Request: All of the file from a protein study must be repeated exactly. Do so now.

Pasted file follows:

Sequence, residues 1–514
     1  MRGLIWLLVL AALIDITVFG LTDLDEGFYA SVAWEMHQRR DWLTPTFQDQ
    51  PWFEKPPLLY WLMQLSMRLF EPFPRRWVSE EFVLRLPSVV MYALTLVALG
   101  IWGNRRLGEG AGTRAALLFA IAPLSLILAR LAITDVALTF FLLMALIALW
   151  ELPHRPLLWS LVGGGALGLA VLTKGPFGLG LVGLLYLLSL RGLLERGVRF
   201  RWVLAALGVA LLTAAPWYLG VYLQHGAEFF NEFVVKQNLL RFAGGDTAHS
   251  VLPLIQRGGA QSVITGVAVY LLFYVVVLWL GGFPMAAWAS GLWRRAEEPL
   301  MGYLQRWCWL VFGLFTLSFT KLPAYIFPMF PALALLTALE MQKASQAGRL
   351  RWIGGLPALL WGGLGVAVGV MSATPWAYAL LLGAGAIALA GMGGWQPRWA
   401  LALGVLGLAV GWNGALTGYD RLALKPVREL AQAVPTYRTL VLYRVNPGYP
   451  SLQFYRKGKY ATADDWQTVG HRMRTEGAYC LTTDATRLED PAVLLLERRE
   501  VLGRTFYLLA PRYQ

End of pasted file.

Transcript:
Sequence, residues 1–514
     1  MRGLIWLLVL AALIDITVFG LTDLDEGFYA SVAWEMHQRR DWLTPTFQDQ
    51  PWFEKPPLLY WLMQLSMRLF EPFPRRWVSE EFVLRLPSVV MYALTLVALG
   101  IWGNRRLGEG AGTRAALLFA IAPLSLILAR LAITDVALTF FLLMALIALW
   151  ELPHRPLLWS LVGGGALGLA VLTKGPFGLG LVGLLYLLSL RGLLERGVRF
   201  RWVLAALGVA LLTAAPWYLG VYLQHGAEFF NEFVVKQNLL RFAGGDTAHS
   251  VLPLIQRGGA QSVITGVAVY LLFYVVVLWL GGFPMAAWAS GLWRRAEEPL
   301  MGYLQRWCWL VFGLFTLSFT KLPAYIFPMF PALALLTALE MQKASQAGRL
   351  RWIGGLPALL WGGLGVAVGV MSATPWAYAL LLGAGAIALA GMGGWQPRWA
   401  LALGVLGLAV GWNGALTGYD RLALKPVREL AQAVPTYRTL VLYRVNPGYP
   451  SLQFYRKGKY ATADDWQTVG HRMRTEGAYC LTTDATRLED PAVLLLERRE
   501  VLGRTFYLLA PRYQ